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Filed under: Development

In the Balkans, small arms are widely available.

From weddings to New Year celebrations, celebratory gunfire is a common occurrence.

Growing up in my neighbourhood in Belgrade, small arms were a common sight. Disputes between rivals, neighbours, or even family members all too often ended with the use of weapons.

Even today, stories of shoot-outs and killings in some of Belgrade’s most famous nightspots are a regular occurrence. The same holds true of much of the region.

These events still make the news, but no one is shocked anymore.

My team in Belgrade has even started tracking this phenomenon by establishing the Oruzje na meti crowdsourcing platform.

Today we have an average of nearly one reported instance of a firearm being used per day in Serbia. And we believe that similar numbers are common for the region as a whole.

This phenomenon is clearly linked with the existence of a pervasive gun culture in the Balkans.

It is difficult to deny that most of my acquaintances in the region like weapons; and the culture is passed on to new generations. As far as I know, my two young sons are the only boys that I know that have never owned a toy weapon.

But I also know we must consider the supply side.

The sheer number of both legal and illegal weapons circulating in the Balkans is mind-boggling. It is easy to get a weapon, and for the most, there remains no real threat of punishment for its possession.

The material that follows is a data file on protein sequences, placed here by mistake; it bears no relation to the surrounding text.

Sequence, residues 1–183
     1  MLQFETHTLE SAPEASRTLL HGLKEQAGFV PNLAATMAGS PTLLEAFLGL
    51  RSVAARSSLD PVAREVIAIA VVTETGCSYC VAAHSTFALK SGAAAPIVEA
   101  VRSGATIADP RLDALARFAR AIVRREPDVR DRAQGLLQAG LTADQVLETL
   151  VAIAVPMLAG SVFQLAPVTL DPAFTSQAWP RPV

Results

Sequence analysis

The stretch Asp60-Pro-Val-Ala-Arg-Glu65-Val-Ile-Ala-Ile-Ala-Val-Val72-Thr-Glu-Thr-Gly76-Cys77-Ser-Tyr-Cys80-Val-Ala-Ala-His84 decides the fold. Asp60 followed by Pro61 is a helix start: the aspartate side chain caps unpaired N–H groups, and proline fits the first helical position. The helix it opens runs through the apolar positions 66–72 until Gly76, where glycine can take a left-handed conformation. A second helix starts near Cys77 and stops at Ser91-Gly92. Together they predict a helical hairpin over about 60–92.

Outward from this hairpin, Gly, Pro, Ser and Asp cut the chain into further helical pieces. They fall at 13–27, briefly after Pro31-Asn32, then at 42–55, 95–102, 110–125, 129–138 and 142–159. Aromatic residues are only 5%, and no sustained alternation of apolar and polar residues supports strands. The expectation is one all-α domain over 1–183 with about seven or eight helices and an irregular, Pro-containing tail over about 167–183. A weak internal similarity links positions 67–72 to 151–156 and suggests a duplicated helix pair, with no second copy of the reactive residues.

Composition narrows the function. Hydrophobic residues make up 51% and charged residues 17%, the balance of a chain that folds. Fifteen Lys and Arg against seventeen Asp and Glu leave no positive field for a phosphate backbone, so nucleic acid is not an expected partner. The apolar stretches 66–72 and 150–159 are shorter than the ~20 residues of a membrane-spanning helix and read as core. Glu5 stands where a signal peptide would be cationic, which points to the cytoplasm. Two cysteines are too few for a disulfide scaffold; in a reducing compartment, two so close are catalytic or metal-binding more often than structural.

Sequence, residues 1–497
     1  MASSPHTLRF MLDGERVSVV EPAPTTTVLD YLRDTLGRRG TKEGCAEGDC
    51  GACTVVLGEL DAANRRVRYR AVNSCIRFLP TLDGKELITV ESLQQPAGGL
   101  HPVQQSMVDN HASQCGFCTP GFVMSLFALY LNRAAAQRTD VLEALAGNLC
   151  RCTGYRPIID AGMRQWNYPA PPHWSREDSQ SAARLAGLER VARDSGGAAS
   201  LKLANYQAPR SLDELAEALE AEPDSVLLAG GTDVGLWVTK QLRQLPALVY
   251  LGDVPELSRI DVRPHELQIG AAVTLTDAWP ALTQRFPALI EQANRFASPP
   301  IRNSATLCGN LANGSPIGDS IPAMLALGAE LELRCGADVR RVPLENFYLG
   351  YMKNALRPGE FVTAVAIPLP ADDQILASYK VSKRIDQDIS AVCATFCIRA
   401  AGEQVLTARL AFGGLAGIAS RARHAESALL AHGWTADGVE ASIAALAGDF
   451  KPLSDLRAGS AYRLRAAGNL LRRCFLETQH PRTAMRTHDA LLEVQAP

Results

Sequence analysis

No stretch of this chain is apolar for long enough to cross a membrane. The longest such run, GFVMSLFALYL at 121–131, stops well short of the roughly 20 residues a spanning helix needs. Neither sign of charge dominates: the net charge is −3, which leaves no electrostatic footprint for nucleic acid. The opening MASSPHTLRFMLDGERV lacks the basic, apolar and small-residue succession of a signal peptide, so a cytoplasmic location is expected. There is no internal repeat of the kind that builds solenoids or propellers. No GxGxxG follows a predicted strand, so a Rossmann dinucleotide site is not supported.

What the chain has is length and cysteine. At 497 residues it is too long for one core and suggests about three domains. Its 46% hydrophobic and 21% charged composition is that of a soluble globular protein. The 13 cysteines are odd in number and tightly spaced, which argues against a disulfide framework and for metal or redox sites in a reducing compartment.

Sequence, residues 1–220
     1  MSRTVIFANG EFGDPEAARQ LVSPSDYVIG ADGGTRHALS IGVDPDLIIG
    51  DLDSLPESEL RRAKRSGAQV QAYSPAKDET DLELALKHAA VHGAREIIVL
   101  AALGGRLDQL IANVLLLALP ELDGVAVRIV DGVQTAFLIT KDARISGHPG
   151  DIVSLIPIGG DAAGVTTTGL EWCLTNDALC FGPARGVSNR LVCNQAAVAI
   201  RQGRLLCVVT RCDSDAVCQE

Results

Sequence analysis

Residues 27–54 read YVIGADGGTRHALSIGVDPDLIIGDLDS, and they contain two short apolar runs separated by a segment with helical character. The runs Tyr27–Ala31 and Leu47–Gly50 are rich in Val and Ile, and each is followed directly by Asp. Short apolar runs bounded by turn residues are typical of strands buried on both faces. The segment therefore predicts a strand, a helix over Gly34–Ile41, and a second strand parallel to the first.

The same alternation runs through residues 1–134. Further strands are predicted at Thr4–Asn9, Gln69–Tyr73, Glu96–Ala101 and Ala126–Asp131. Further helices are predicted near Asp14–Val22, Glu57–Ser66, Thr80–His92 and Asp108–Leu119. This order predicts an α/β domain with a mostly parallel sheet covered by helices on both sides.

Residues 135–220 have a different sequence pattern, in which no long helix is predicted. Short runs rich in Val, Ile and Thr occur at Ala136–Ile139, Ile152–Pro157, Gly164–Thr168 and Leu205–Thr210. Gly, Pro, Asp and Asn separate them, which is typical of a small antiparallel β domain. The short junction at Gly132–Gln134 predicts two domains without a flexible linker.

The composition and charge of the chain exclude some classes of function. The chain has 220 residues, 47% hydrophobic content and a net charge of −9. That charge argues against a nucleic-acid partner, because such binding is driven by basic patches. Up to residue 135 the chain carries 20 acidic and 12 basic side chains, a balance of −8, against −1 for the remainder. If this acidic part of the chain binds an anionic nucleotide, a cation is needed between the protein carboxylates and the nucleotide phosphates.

Recent floods in the region literally brought the problem to the surface, with thousands of floating munitions emerging in the water from basements and flooded houses.

We are now working closely with colleagues in Bosnia and Herzegovina to ensure the safe destruction of those same weapons and munitions.

And this is why our work is so important.

We have been securing stockpiles by improving storage security; improving legislation; trying to reduce the number of weapons held by populations through collection and legalization campaigns; and reducing surpluses through small arms destructions and ammunition disposal.

We have been operating for over a decade with the notion that a regional problem demands a regional solution. 

To date, we’ve supported and coordinated efforts to destroy almost 300,000 pieces of arms and weapons in the Western Balkans.

Today, together with our counterparts from the region, we continue this effort.

Today, 9 July is International Gun Destruction Day (IGDD).

Initiated by the United Nations in 2001, this day serves to remind us about the threat that excess, poorly secured, and illegal weapons pose to our everyday safety and security – especially in the Western Balkans.

Albania, Bosnia and Herzegovina, Kosovo*, Montenegro, and the former Yugoslav Republic of Macedonia have all committed to partaking in the 9 July activities.

By organizing parallel destruction events, they will help the region shed a significant number of small arms in one day, strengthening our safety and security.

I hope you’ll join us throughout the day and beyond.

For live updates, come and join the conversation on Twitter.


* referred to in the context of UN Security Council Resolution 1244 (1999).